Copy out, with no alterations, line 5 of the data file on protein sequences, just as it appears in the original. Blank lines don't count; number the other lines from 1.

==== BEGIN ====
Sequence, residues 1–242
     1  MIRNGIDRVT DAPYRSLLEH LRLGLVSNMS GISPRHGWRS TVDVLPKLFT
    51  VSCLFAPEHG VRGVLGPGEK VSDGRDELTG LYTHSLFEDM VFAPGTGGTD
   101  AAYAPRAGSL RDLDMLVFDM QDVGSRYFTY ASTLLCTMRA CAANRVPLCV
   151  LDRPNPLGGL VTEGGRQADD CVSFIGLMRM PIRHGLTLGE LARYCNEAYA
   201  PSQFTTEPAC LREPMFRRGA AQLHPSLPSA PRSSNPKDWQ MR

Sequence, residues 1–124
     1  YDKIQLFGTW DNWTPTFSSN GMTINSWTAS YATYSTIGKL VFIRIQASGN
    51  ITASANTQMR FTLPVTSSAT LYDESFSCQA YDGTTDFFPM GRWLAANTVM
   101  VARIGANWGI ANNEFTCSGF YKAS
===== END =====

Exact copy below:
   151  LDRPNPLGGL VTEGGRQADD CVSFIGLMRM PIRHGLTLGE LARYCNEAYA